Fuel shortages also continue across Syria. Protests in al-Hasakeh against an increase in fuel and cooking gas prices announced by de facto authorities in the north-east last week were met with excessive force, leading to the deaths of at least five civilians, including a child. The decision to increase prices was subsequently overturned.

Mr. President, my next point is protection.

Following the artillery strikes on Atareb Surgical Hospital on 21 March, which we briefed you about previously, the hospital remains largely out of action, even though staff have gone back to work. Before the attack, the hospital was carrying out over 200 consultations and procedures a day. That number has dropped to around 50. Potential patients are worried about another attack and so they are reluctant to go to the hospital.

This is one of the longer-term consequences of attacks on health-care facilities. Those attacks instil fear in the civilian population, which discourages them from seeking health-care services, even though many are in desperate need of them.

As the Secretary-General says in his latest report, attacks directed against civilian objects like hospitals must be investigated. Impunity must end.

Security problems continue at al Hol. Six murders have been reported since April, and 46 since January.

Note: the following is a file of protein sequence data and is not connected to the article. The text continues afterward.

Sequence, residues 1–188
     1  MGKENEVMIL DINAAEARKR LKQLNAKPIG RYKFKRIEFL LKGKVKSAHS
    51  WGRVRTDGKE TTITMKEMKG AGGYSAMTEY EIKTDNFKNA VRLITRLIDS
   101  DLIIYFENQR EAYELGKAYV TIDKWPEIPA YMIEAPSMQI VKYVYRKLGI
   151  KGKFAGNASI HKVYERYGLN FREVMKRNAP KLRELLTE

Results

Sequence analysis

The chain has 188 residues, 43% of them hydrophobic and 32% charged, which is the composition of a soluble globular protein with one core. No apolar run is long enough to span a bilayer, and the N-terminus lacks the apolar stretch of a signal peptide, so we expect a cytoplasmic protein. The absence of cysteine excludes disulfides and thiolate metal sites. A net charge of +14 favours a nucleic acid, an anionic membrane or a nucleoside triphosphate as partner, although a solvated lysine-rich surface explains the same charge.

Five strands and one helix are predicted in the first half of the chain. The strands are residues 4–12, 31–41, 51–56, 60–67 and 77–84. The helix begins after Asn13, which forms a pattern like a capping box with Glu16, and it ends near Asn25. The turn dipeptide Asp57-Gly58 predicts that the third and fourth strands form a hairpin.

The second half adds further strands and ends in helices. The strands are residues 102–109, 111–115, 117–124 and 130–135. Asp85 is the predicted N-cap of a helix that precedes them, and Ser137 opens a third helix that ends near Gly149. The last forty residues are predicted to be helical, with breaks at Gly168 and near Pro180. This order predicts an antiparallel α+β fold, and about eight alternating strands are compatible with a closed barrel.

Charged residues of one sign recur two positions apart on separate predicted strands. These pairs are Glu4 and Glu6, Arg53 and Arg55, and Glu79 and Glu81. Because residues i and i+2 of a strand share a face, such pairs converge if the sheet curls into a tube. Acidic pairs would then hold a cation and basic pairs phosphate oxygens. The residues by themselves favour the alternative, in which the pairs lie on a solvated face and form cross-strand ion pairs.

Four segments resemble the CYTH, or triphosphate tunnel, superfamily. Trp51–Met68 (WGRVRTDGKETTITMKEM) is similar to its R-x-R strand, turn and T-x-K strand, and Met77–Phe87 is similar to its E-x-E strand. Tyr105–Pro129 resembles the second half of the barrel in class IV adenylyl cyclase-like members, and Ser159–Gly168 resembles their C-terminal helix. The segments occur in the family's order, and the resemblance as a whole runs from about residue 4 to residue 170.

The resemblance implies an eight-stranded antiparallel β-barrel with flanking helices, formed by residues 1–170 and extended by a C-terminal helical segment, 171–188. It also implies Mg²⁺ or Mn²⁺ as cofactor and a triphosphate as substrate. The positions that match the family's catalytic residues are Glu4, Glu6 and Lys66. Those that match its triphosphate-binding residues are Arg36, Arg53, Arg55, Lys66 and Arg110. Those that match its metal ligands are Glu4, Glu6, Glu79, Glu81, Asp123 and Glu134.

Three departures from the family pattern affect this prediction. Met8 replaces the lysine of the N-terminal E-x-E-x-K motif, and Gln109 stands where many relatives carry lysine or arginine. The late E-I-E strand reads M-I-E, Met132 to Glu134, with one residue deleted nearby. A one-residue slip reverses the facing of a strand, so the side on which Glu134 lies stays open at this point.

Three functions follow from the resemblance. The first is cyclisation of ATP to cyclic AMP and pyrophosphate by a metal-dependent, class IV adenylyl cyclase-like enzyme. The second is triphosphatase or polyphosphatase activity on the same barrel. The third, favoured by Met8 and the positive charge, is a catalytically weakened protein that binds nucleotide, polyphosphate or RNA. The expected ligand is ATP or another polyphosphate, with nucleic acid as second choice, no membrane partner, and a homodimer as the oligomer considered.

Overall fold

Some Syrian and non-Syrian nationals are leaving the camp. More than 10,000 people have left since June 2019.

But more than 60,000 remain, and they are living in unacceptable conditions.

I have raised this issue with you nearly every month for years now. I am regularly told how complex and intractable the situation is. But the truth is that those who could solve the problem have simply decided not to.

So let me remind you again that this is a camp of children. Most of the people there are younger than 12. Almost 14,000 of them are younger than 5 – babies and toddlers. They do deserve a future.

My next point, Mr. President, is humanitarian access.

The UN has not been able to deliver aid to Rukban since September 2019, nor have we been able to conduct assessments. Such reports that reach us from the camp paint a dismal picture of malnourishment, disease, and virtually no services apart from water.